The advantages of hitting a tanning salon are typically cited as convenience, getting a more even tan and, maybe most important, safety.
But according to a new study, you can toss that last advantage out the window.
The study, conducted by researchers at the Norris Cotton Cancer Center and director of the Children's Environmental Health and Disease Prevention Research Center at Dartmouth, found the ultraviolet (UV) radiation lamps used for indoor tanning put adolescents and young adults at risk for basal cell carcinomas (BCC), the most common form of skin cancer.
"Our findings suggest that teens and young adults who seek indoor tanning may be especially vulnerable to developing BCC, the most common form of skin cancer, at a young age," explained professor Margaret Karagas from Norris Cotton Cancer Center.
Researchers are also pointing out that since tanning facilities are predominantly frequented by a younger demographic, there is an immediate need to counsel young people about the increased risks of developing skin cancer when using indoor tanning facilities.
A recent survey conducted by the same group in New Hampshire found that nearly 74 percent of high schools in the state have at least one tanning salon within a two-mile radius.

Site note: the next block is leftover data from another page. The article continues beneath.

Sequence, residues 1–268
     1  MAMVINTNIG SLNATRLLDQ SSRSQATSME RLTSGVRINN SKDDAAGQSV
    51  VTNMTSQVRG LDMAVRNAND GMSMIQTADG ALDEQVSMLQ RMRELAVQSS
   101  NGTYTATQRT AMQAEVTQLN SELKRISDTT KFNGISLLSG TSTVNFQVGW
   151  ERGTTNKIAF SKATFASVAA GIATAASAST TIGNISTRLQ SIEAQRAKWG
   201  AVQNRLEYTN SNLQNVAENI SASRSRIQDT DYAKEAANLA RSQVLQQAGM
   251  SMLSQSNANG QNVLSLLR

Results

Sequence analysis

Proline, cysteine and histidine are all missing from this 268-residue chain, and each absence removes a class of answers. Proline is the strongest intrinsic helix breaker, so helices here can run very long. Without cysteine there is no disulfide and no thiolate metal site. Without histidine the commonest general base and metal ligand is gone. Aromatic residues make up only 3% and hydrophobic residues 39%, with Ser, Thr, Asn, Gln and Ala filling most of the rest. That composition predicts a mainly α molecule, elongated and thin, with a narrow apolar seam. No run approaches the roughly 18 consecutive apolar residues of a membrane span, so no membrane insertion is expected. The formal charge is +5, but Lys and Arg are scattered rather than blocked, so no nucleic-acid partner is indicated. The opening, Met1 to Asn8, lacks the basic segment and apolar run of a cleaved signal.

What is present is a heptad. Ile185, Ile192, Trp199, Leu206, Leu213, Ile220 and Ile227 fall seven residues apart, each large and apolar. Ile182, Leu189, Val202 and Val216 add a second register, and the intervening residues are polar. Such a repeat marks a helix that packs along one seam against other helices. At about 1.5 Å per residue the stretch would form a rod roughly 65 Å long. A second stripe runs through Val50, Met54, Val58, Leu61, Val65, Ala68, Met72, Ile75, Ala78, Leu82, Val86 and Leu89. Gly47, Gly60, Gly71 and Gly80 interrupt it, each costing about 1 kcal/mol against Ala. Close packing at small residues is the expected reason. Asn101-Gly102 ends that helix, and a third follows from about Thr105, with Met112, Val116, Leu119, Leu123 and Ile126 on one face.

In the study on the effects of indoor tanning, the researchers collected data on 657 participants. The data included the variety of different indoor tanning devices the participants used, including sunlamps, tanning beds or booths.
Once the data on each participant was evaluated, researchers discovered those showing an early onset of BCC were more vulnerable to burns than tanning during the initial hours of exposure to the sun in summers.
Also of note was the fact that in nearly 40 percent of the cases, BCC was found on the torso and places other than the head and neck and the relation with indoor tanning was higher for tumors occurring in these places. This association was present in all the participants that showed the early onset of BCC, regardless of the particular indoor tanning device they used.
The study's research also concluded that the devices used in indoor tanning facilities produced 10 to 15 times as much UV rays as the midday sun.
In a recent study conducted by JAMA Dermatology, these findings were also released:
* The number of skin cancer cases due to tanning is higher than the number of lung cancer cases due to smoking; and
* In the U.S. alone, 419,254 cases of skin cancer can be attributed to indoor tanning. Out of this number, 6,199 are melanoma cases.